Sandy Betgur: Tips for Using Trade Shows in Your Marketing Plan

From time to time in this space, WestBow Press publishes articles written by our authors in which they share their tips and strategies that have helped them achieve a successful self-publishing journey. The following are the words of Sandy Betgur, author of God’s Song: Psalms in Rhyming Meter

Being an exhibitor at a trade show, convention, seminar, or similar large gathering of your target audience can be an important component of your marketing plan. Here are some things I’ve discovered:

Value of Trade Show

Sandy Betgur is the author of “God’s Song: Psalms in Rhyming Meter.” Learn more at Gods-Song.com.

Unless you are a keynote speaker, you will probably not sell enough books to recover costs of exhibiting at an event. However, there are other inherent values:

* Publicity – You can publicize on your social media sites that you are exhibiting. Additionally, the trade show may promote your attendance on their website, in daily show newsletters, etc. After the event you can write a follow-up blog.

* Exposure – You reap the benefit of other exhibitors’ efforts to drive traffic to the event. Your limited circle of influence is expanded to include these exhibitors’ customers.

* Networking – You may meet industry professionals you had only known by name or reputation. Don’t underestimate the value of face-time. People know people who know people. This is your opportunity to make a memorable impression.

* Contacts – Although you may not sell books at the show, remember your goal is to gather contact information that could lead to future sales.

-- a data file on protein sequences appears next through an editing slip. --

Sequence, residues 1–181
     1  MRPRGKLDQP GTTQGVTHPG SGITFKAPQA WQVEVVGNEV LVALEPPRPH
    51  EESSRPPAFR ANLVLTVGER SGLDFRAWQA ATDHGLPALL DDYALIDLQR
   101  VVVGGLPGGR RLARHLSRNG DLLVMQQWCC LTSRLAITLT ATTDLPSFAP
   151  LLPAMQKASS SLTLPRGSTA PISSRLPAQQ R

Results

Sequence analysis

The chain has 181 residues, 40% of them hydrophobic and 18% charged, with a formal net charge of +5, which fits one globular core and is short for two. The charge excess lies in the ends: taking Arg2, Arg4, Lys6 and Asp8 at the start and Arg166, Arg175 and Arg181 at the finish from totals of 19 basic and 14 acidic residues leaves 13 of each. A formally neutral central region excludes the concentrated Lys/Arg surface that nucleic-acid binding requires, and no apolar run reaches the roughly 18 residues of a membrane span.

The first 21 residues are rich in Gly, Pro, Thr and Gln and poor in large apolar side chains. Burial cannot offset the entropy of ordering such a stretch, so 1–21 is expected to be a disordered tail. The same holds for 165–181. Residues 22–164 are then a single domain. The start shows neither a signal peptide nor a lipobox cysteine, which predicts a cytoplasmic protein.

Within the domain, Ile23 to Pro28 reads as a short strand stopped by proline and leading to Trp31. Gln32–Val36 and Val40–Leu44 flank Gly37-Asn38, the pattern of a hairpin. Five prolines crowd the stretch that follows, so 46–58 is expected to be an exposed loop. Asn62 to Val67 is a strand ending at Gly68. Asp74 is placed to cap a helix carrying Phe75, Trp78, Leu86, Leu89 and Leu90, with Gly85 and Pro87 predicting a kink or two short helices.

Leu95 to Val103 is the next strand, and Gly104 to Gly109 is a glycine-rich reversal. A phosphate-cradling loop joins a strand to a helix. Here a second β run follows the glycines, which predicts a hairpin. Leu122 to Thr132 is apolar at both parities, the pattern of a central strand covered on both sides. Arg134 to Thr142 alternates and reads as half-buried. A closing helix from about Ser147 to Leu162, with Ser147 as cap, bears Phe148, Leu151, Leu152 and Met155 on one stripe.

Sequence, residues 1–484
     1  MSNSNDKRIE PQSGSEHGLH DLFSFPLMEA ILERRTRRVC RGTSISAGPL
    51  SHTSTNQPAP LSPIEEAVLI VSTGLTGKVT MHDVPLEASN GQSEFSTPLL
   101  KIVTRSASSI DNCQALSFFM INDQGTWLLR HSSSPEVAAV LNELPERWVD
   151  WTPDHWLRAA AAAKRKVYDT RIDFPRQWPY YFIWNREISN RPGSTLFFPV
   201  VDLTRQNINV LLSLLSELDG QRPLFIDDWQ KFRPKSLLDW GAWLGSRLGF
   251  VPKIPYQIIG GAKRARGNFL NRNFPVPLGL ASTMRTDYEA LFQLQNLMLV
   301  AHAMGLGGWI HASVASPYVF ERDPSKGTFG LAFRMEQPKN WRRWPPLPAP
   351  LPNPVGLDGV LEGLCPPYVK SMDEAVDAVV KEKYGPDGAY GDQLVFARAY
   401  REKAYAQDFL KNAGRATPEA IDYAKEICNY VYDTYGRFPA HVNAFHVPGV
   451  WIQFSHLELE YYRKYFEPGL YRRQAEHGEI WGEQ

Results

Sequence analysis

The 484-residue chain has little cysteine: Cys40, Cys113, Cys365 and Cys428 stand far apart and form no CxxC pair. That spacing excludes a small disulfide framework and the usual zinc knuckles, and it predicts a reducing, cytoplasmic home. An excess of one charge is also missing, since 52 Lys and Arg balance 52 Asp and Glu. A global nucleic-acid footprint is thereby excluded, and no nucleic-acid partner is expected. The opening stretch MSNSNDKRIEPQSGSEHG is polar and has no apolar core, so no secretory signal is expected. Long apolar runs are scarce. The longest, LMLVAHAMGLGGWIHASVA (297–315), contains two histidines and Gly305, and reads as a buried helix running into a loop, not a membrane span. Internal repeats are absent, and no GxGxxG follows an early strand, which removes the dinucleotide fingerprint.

Strategy

Betgur cover* Get your business card or brochure into attendees’ hands. Don’t tie up your time by engaging in long conversations. They have a lot to see, and you have a lot of people to meet. Have them sign up for something like an online newsletter or facebook so you can follow-up after the show. Consider having them enter a daily drawing by filling out a contact form.

* Offer a simple give-away so that as attendees walk down the aisle you can invite them to your table. If people aren’t specifically looking for you, they will likely just walk on by without stopping to inquire about your product.

* Make your table inviting. Many exhibitors display a candy bowl. Offer more. If there is space, provide an extra chair for weary legs to sit. Leave space on the aisle side of your table for weary arms to place their bags while chatting. Provide a handy hand sanitizer, box of tissues, cup with pens or other necessities.

* Make your space beautiful. Fresh flowers, uncluttered signage, artistically arranged display, and something unique. Give attendees a reason to comment on your booth.

* Get noticed. Provide a Wow-Factor that compels them to stop for a moment. You are responsible for getting their attention. Some exhibitors bring in a personality (celebrity, magician, costumed character) or play soft music or project a fast-moving video. Some dress themselves in historical costumes, outrageous fashion, or stunning jewelry. Be willing to “put yourself out there” to catch people’s eye so you can then engage them in conversation.

* Call people by name. Get in the habit of noticing name tags. When you add the personal touch of repeating their name, they are more likely to look at your name tag and possibly remember you. So make sure your badge hasn’t flipped to a blank side. I wear a designer-jeweled name badge in addition to the convention supplied one (plus it is one more “something” they can comment on to begin conversation.)